Earlier I mentioned 私供 (わたしども, わたくしども). This phrase is the best way to use the pluralizing suffix 供. It can fit with other first-person pronoun combinations, but 私供 is by far the most common.

    In a conservative, formal situation, 〜供 is a much better choice than 達 or ら for pluralizing your pronoun.

    • 私供にお任せください。
    • Leave it to us.

    Uncommon Pronouns (Used in Real-Life)

    two women reading books in bubbles of japanese pronouns

    The following pronouns aren't used as often as the ones we just covered, but Japanese people still use and recognize them. They pop up in books, movies, and other media. If you want to add humor or personality to your conversation, they're fun to sprinkle in every once in a while.


    When you want to be very modest and respect the person you're talking to, use 私め (わたしめ, わたくしめ). The kanji for the suffix め is 奴, which means "servant." You might not find much use for it these days, except when you're being sarcastic or a total kiss-ass.

    • あなた様にそう言って頂けるなんて、私めは光栄でございます!
    • I'm terribly honored that Your Majesty said that to me!


    Remember how あたし is derivative of わたし, dropping the "w" sound? Well, あたい is derivative of あたし. Originally used by geisha, あたい is quite feminine. But in the Shōwa period, rebellious girls who hung out with biker gangs started using あたい, and the pronoun took on a bad-girl vibe. It's not common anymore, but あたい is a fun way to give your speech an aggressive tone and jokingly fight with someone.

    • 今、あたいに何て言った!?
    • What the heck did you just say!?


    Just like おれ, both おら and おいら are mainly used by men.

    Just like おれ, both おら and おいら are mainly used by men. Both pronouns are strongly tied to the Tohoku regional dialect. Though not used much by the younger generation, my Tohoku grandparents still use おら and おいら on a regular basis. These pronouns can sound pretty nerdy these days, because they're mostly associated with young boy anime characters like Shin-chan or Goku from Dragon Ball.

    • オッス!おら、悟空。
    • Hi! I'm Goku.

    おら and おいら carry a vibrant "boyhood" feeling to them. Some people use them in casual conversation to mimic the likability of cartoon characters. But they still sound like… cartoon characters, so it can be a little awkward.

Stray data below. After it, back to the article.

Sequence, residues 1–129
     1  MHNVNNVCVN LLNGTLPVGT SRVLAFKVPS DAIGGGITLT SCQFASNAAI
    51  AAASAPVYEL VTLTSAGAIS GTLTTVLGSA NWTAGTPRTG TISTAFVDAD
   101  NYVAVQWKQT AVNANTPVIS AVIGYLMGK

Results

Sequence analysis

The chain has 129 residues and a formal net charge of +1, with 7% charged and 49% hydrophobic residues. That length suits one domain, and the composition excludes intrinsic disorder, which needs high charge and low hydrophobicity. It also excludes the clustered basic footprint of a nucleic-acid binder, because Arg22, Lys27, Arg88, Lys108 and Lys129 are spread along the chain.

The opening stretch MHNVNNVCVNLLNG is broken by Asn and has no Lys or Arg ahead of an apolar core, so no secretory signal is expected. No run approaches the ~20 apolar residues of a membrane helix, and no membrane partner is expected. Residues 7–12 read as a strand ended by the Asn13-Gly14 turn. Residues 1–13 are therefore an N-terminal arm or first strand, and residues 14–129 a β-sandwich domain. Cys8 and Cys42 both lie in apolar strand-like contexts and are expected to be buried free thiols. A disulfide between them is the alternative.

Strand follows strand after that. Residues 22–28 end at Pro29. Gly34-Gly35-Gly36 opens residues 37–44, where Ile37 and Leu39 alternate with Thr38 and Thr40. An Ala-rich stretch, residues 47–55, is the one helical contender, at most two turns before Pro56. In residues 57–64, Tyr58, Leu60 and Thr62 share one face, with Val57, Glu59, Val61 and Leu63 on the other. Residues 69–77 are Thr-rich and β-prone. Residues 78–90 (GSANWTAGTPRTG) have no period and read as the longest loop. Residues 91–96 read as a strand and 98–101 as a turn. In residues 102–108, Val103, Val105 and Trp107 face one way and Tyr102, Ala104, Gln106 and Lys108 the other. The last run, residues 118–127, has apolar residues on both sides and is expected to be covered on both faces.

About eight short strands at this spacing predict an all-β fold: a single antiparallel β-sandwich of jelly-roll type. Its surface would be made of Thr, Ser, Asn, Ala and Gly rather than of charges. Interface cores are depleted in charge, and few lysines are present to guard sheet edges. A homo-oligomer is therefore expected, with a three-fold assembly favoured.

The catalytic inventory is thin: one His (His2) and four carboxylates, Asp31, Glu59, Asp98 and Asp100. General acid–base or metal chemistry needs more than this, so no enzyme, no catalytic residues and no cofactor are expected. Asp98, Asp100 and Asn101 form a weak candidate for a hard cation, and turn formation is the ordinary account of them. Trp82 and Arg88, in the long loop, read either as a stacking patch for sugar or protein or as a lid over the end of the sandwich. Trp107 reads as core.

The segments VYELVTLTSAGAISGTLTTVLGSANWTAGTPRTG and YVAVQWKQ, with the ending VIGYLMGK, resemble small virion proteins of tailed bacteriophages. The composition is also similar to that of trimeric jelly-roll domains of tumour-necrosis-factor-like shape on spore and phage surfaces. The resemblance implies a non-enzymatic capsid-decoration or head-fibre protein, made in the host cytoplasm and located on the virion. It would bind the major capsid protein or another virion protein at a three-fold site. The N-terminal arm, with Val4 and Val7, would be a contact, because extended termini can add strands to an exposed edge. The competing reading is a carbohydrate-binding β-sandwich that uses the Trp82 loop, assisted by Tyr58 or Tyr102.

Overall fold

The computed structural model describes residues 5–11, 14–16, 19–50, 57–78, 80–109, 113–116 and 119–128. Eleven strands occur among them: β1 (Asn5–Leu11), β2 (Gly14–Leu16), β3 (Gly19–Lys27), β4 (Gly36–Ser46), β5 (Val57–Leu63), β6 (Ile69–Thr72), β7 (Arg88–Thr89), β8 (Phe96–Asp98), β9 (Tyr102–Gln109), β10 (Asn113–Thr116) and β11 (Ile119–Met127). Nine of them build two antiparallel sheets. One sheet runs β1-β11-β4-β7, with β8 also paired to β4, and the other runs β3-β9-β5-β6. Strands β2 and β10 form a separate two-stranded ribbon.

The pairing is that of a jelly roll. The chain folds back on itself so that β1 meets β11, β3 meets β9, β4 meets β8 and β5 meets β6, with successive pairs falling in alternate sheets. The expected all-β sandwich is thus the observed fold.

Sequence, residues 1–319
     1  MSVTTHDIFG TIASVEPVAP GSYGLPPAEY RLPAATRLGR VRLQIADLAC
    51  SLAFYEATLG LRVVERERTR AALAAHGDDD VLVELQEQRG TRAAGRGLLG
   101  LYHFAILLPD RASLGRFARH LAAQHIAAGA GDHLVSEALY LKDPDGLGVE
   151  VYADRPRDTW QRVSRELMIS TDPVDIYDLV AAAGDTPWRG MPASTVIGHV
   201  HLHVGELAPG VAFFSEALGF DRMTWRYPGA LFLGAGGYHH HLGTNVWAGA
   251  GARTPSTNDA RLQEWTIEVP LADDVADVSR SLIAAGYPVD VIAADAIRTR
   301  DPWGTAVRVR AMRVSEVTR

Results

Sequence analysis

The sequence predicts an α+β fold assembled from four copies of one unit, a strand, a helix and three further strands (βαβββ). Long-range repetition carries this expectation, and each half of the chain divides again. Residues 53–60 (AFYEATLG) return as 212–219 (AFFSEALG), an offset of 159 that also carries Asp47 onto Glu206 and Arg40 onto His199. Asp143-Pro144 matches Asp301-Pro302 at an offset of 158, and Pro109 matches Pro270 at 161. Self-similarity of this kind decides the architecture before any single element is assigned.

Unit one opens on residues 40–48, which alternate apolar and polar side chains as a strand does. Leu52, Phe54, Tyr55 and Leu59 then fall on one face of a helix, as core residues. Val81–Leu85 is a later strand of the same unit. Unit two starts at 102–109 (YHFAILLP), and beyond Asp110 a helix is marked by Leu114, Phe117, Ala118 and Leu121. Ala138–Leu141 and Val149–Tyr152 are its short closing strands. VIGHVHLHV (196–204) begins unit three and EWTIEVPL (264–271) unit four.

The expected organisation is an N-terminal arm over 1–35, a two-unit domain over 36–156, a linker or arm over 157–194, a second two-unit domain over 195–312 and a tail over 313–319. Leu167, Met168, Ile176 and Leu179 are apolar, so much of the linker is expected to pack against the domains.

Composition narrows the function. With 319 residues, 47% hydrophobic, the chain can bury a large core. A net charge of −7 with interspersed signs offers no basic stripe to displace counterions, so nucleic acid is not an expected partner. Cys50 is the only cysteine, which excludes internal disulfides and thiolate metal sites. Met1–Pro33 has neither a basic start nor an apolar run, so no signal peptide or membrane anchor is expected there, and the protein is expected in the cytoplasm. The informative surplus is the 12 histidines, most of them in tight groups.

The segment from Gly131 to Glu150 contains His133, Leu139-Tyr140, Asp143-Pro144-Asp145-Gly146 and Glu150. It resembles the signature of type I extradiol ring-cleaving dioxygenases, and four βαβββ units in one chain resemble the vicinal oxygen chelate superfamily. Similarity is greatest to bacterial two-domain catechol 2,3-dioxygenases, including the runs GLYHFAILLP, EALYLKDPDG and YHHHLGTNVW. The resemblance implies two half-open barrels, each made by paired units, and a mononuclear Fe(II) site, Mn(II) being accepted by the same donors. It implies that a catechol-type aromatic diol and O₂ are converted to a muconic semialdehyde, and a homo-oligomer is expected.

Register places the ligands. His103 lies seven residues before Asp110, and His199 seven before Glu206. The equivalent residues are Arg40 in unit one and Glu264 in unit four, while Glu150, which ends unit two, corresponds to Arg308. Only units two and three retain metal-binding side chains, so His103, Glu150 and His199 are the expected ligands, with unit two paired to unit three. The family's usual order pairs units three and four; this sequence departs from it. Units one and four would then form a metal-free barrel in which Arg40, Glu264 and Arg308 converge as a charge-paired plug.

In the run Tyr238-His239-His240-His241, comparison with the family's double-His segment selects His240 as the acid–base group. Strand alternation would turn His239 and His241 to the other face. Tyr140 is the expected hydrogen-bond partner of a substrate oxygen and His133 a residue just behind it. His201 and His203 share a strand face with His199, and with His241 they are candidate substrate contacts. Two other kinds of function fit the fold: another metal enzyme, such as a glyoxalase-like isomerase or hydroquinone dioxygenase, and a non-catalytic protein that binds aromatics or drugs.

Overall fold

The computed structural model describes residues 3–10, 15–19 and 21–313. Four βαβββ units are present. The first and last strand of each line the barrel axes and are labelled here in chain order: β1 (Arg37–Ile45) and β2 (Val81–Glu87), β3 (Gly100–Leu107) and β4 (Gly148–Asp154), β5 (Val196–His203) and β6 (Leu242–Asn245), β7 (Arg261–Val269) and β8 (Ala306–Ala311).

You may have read the pronoun 吾輩 (わがはい) in the title of Soseki Natsume's famous novel 吾輩は猫である (I Am a Cat). The cat in the novel refers to himself as 吾輩. This pronoun is old-timey, egotistical, and mostly used by men. Not many people choose it these days aside from the rock singer デーモン閣下 (His Excellency Demon), who uses it to maintain his dignified place among his loyal followers.

    • 吾輩は、人間界で布教活動をする悪魔だ。
    • I am a demon who is engaged in missionary work in human society.


    If you've read our article about Japanese name enders, you can probably guess that 俺 (おれ) + 様 (さま) is a rude and arrogant combination. You don't usually use 様 with yourself, so adding it to an aggressive pronoun like 俺 is a way to intentionally speak highly of yourself—and disrespect others in the process.

    • 俺様の言うことを聞け!
    • Listen to what I say!

    Pretty rough, right? Even so, this phrase is used a lot by sassy, controlling boy characters in girls' manga.

    You can also use 俺様 as an adjective to describe disrespectful, arrogant people.

    • あいつって、俺様彼氏だよね。
    • He is such a dominating boyfriend.


    Another first-person pronoun you can pair with a name ender is 僕ちゃん (ぼくちゃん). 〜ちゃん is used for girls and little boys, and 〜ちん is the nickname-y version. Both 僕ちゃん and 僕ちん sound like baby talk, and I've never heard an adult use this pronoun to refer to themselves, unless they were joking. In fact, the last time I heard anyone use it seriously was in preschool.